Interest in 5-HT as a target of antidepressant action was first proposed in the 1960s; researchers hypothesized that low concentrations of this monoamine causes depression, a theory inspired by the observation that depressive symptoms occur as a side effect of certain antihypertensive drugs that work by depleting reserves of catecholamines — e.g., reserpine. Additional recent data further linking serotonin and depression support this theory; researchers have found that suicidal depression (specifically in patients classified as impulsive) is linked with low cerebrospinal fluid and plasma levels of 5-hydroxy-indoleacetic acid (5-HIАА), a 5-HT metabolite produced when serotonin is destroyed by monoamine oxidase. Discovery of reduced levels of the metabolite in people with suicidal depression suggests that a serotonin deficit may contribute to suicidal depression.

At least 15 subtypes of the 5-HT receptor have been classified according to their pharmacology and function; the 5-HT1 and 5-HT2 receptor subtypes have received the most attention in depression research. 5-HT agonists such as Otsuka/Vela’s sigma receptor/5-HT1A agonist OPC-14523 (Phase II trials for depression in the United States); Mitsubishi-Tokyo’s 5-HT1a agonist MKC-242 (Phase II trials in Europe and Japan); and Servier’s 5-HT1a agonist alnespirone (Phase II trials in Europe) are all in development for depression. Other 5-HT antagonists in development for this indication are AstraZeneca’s AR-A2, a 5-HT 1B receptor antagonist in Phase II development for anxiety and depression; Pfizer’s 5-HTib/id antagonist elzasonan and Solvay’s 5-HT1a antagonist DU-125530, both in Phase II development; and Servier’s agomelatine, а 5-НТ2A, 5-HT2C antagonist/melatonin agonist in Phase III development. However, the selective serotonin reuptake inhibitors that first launched in the 1980s have most successfully validated the theory of serotonin’s role in depression.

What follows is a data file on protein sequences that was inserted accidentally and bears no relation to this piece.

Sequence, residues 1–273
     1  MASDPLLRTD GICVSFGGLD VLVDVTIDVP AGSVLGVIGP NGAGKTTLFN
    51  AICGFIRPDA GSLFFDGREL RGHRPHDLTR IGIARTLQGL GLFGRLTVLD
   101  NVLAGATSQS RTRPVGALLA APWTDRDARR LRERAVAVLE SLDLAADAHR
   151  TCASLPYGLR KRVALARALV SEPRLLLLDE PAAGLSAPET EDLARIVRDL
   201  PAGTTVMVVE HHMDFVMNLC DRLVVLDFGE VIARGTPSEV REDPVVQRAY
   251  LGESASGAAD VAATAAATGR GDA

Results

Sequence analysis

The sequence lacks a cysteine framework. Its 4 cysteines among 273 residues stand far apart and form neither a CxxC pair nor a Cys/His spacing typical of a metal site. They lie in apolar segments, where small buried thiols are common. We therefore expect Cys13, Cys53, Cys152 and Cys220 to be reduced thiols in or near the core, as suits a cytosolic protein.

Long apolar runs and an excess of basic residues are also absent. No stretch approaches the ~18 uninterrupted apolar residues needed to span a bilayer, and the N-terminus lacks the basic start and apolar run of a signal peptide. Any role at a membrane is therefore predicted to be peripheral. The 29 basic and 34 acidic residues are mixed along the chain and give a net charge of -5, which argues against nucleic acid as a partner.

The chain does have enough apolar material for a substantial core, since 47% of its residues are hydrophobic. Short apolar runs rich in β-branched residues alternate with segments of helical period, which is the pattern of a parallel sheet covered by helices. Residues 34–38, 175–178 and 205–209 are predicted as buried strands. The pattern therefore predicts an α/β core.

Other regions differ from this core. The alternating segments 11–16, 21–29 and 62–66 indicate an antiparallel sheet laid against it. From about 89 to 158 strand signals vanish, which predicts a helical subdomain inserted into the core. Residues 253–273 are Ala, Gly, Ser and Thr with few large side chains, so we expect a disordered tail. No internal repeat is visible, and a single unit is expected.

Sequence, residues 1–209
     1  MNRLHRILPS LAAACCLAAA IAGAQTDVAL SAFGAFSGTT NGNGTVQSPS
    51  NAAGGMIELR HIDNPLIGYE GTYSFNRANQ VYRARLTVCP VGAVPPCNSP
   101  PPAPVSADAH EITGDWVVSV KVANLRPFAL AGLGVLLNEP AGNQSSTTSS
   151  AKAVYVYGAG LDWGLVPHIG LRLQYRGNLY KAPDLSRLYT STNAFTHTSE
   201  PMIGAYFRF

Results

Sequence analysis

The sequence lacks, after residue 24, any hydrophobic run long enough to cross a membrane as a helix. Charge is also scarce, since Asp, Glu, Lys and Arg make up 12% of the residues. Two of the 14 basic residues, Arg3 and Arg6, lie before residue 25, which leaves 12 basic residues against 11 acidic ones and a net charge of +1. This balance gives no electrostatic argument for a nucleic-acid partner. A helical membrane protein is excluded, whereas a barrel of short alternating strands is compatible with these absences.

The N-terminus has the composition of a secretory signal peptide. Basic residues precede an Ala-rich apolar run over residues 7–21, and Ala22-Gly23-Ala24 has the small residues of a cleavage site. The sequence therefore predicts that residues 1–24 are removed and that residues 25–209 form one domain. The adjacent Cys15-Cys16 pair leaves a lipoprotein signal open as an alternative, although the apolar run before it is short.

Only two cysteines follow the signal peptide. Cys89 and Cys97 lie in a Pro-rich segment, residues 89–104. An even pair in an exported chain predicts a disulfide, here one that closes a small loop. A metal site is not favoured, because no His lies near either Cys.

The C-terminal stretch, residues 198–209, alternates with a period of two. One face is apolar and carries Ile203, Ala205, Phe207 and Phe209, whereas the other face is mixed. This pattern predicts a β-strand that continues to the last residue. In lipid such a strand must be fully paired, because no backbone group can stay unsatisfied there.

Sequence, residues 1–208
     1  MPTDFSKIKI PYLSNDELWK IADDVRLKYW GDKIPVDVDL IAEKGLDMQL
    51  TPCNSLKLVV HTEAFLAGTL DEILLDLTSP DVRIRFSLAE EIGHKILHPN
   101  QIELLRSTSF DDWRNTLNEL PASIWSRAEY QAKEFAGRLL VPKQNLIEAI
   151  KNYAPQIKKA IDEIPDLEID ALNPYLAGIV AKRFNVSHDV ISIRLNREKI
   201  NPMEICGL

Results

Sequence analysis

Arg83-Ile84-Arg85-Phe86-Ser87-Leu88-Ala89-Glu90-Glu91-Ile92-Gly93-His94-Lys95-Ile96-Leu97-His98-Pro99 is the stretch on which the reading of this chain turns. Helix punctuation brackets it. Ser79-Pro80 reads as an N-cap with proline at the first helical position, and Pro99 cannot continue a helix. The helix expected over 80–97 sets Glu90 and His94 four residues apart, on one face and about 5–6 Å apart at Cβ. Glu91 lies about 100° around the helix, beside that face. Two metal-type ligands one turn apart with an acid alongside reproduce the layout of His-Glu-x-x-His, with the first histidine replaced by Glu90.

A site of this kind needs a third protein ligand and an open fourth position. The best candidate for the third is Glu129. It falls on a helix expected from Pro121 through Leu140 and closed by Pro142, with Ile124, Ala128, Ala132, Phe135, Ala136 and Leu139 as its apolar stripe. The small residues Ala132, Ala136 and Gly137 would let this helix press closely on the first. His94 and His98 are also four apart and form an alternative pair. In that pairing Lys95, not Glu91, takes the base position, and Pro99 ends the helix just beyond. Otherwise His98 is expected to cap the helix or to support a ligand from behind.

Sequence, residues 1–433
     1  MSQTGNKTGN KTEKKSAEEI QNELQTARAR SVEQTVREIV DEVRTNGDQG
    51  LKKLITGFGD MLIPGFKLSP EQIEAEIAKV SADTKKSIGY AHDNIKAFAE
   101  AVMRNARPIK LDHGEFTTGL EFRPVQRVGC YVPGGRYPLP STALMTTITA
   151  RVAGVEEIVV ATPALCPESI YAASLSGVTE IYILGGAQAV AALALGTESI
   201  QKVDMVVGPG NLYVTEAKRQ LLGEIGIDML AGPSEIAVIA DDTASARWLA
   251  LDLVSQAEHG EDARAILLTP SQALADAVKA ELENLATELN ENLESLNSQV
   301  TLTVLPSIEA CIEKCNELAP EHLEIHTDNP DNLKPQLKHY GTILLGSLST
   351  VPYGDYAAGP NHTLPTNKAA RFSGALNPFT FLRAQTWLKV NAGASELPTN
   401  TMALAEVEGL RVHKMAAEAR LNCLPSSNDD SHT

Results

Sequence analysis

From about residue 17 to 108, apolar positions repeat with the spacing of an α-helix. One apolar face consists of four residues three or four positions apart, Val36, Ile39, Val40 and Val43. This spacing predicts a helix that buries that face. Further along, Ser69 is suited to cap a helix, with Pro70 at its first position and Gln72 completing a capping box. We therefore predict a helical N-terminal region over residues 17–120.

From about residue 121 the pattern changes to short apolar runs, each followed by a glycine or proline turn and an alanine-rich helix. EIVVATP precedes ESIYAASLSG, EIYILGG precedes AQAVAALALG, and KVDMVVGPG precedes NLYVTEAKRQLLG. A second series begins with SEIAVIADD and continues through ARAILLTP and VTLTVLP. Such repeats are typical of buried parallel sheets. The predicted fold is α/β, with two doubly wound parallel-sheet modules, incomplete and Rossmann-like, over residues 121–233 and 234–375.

Selective serotonin reuptake inhibitors act by selectively inhibiting the presynaptic reuptake of serotonin while exerting little effect on norepinephrine and dopamine uptake. After a serotonergic neuron fires, 5-HT is normally transported back into the presynaptic neuron for repackaging and subsequent re-release. Selective serotonin reuptake inhibitors block the reuptake mechanism and consequently increase the level of 5-HT in the synaptic space surrounding the neuron. The excess 5-HT activates all 5-HT receptors, both pre- and postsynaptically. The activation of the anxiogenic postsynaptic 5-HT2A receptors by selective serotonin reuptake inhibitors may explain the initial increase in anxiety that selective serotonin reuptake inhibitors cause in some patients, as well as the sexual side effects associated with this class of drugs. Citalopram and escitalopram show the greatest selectivity for serotonin over norepinephrine, followed by sertraline, paroxetine, fluvoxamine, and fluoxetine, in that order.